Author: Liam Riker
As hinted in my last post, where I analyzed Dream Drop Distance HD’s Flowmotion movement and combat system after opening up my pre-ordered copy of Kingdom Hearts 2.8: Final Chapter Prologue, the time has come to discuss Dream Drop Distance HD’s incredibly impressive opening cinematic. The cinematic is by far my favorite of the Kingdom Hearts series and shows just how far the graphics have come since the original came out in 2002. Do yourself a favor and check it out!
When I first saw this opening cinematic a month ago, I was gawking like a fool. I’ve always been a huge Kingdom Hearts fanboy, so when I saw this beautiful homage to all the previous main entries in the Kingdom Hearts series, I was speechless. Everything about this opening cinematic is so incredibly well done, from the brilliant choreography, that seamlessly blends each Kingdom Hearts game one right after the other, to the perfect synchronization of the iconic Kingdom Hearts song, Hikari, this time in orchestral form.
This opening cinematic is also loaded with content that hints to the future of the Kingdom Hearts series, that will finally be revealed in the massively anticipated Kingdom Hearts 3, which I still have faith will come out in 2018. The final sequence of this opening cinematic is the biggest testament to things to come in the series, as we get a glimpse of who all could possibly be the Seven Pieces of Light.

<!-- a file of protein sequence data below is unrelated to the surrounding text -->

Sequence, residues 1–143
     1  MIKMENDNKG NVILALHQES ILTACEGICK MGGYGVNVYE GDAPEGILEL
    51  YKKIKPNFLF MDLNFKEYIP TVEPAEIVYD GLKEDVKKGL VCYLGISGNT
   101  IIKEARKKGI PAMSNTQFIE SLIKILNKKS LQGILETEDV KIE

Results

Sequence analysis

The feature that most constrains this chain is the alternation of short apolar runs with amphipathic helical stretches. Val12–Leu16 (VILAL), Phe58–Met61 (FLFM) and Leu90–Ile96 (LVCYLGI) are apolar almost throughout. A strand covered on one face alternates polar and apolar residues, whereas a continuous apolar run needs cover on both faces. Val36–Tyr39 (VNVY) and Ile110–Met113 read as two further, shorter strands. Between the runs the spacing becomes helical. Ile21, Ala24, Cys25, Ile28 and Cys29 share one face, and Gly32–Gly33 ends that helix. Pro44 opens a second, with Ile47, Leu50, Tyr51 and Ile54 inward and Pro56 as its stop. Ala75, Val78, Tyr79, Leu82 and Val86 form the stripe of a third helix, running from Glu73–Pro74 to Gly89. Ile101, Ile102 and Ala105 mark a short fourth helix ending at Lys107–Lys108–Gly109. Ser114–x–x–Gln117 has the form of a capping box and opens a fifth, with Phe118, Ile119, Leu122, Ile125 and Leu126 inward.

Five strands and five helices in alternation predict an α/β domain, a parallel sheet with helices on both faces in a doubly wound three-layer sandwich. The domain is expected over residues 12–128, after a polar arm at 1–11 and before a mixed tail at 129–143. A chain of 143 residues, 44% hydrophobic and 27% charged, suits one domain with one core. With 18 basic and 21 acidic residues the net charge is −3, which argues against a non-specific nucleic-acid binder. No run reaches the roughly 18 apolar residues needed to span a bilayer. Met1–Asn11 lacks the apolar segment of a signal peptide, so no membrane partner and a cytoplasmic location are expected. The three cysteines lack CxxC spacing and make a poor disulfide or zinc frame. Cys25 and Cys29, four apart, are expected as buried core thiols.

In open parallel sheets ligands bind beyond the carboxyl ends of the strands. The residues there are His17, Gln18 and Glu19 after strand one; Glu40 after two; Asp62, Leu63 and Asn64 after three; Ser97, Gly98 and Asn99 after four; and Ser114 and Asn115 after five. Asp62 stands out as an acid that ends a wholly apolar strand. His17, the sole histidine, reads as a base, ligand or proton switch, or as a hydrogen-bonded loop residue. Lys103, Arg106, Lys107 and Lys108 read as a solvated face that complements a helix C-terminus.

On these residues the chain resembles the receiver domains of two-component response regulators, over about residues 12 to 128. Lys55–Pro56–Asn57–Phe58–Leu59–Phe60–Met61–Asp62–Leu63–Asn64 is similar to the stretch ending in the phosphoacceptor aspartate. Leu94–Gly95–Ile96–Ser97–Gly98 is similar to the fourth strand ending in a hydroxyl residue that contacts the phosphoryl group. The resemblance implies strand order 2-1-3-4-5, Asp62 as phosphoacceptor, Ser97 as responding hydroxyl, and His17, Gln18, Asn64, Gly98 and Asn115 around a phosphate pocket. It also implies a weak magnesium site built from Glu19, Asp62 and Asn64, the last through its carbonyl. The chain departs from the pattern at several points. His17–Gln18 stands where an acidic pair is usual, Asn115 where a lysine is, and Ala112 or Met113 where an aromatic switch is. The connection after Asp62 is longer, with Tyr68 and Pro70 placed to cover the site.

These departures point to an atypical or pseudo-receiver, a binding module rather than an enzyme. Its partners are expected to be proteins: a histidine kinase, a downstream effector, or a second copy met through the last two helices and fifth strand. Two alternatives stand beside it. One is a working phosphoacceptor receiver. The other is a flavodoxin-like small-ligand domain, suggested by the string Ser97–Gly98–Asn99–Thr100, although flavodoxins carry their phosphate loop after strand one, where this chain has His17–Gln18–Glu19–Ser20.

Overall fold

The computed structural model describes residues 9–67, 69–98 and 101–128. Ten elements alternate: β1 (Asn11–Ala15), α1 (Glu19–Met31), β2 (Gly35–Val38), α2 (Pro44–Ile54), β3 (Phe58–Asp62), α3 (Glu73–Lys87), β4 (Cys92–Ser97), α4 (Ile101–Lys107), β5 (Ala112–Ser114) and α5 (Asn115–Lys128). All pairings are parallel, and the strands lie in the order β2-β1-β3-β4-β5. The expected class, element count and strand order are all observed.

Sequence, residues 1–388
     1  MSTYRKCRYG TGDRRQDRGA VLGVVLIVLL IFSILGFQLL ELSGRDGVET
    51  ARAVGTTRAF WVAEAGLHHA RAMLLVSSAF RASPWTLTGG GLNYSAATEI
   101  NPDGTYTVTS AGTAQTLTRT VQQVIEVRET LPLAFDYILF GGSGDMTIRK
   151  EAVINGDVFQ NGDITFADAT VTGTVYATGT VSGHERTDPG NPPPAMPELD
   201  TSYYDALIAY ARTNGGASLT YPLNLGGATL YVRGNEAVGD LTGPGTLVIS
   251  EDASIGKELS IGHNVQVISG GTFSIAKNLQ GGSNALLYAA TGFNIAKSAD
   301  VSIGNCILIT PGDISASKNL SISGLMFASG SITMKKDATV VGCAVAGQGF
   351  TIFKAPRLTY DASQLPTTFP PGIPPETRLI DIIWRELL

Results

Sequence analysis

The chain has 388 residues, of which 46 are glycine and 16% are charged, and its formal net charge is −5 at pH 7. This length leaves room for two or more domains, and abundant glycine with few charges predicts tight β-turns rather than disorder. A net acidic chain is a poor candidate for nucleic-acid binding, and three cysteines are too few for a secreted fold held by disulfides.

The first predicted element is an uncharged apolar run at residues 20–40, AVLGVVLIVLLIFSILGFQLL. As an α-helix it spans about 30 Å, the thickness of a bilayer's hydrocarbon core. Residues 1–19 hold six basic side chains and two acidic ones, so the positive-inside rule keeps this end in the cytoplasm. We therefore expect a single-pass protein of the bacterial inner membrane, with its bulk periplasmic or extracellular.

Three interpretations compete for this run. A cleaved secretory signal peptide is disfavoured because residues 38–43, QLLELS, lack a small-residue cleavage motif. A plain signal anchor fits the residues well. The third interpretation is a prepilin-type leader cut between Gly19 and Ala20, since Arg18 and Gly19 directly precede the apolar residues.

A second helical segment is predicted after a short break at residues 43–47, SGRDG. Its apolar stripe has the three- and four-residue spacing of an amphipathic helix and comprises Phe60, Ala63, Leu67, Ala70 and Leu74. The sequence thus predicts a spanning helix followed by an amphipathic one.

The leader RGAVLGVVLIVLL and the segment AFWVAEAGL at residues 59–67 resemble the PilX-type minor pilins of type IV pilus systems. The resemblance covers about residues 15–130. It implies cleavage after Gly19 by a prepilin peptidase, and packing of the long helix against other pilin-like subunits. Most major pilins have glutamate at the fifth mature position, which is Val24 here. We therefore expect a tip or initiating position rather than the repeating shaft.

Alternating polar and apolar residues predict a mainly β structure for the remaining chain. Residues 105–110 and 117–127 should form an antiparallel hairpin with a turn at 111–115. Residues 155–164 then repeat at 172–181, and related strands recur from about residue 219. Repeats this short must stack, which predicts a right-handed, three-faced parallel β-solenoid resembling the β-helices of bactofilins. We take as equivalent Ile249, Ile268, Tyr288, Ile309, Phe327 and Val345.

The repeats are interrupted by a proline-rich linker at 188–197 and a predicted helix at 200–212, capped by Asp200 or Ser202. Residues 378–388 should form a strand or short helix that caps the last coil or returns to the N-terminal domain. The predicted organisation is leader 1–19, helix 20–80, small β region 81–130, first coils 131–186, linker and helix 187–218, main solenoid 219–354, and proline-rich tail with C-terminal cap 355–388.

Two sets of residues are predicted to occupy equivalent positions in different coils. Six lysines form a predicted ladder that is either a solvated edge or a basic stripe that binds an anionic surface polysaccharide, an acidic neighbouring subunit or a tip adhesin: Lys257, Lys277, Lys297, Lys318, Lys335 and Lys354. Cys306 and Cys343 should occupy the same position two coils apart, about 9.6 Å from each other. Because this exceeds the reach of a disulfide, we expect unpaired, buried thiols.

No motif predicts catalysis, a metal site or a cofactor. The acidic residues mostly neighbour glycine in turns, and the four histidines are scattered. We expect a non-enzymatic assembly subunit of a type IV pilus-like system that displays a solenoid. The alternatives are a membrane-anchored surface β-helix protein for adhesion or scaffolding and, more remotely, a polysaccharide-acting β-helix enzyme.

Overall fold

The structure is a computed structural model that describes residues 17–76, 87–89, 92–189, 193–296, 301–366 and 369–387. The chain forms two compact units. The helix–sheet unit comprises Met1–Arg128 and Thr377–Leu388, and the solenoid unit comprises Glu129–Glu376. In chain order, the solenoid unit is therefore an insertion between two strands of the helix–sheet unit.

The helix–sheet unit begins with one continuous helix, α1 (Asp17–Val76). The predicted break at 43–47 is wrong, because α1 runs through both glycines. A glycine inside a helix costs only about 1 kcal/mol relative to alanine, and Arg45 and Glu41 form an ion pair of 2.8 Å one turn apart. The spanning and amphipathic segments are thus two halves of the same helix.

However, to me the most charming thing about this entire trailer, is the little 2D Mickey that appears of the bottom of the screen throughout a majority of the trailer. You’ll see this 2D Mickey conducting the symphony behind Hikari, hanging on for dear life as things start to get intense, cowering in fear, and then finally leaping into the 3D Cinematic himself to take on the malevolent Xehanort. This final animation, where Mickey literally jumps into action, is supposed to represent the Kingdom Hearts game franchise literally jumping into 3D, as this game was originally released on the 3DS, and is used pretty effectively in my opinion to convey this symbolism.
Overall the opening to Dream Drop Distance, now in its HD remastered form, is gorgeous, brilliantly edited and a cinematic masterpiece to behold. In a series that’s known for it’s breathtaking opening cinematics, it’s truly impressive when one stands out as much as this one does.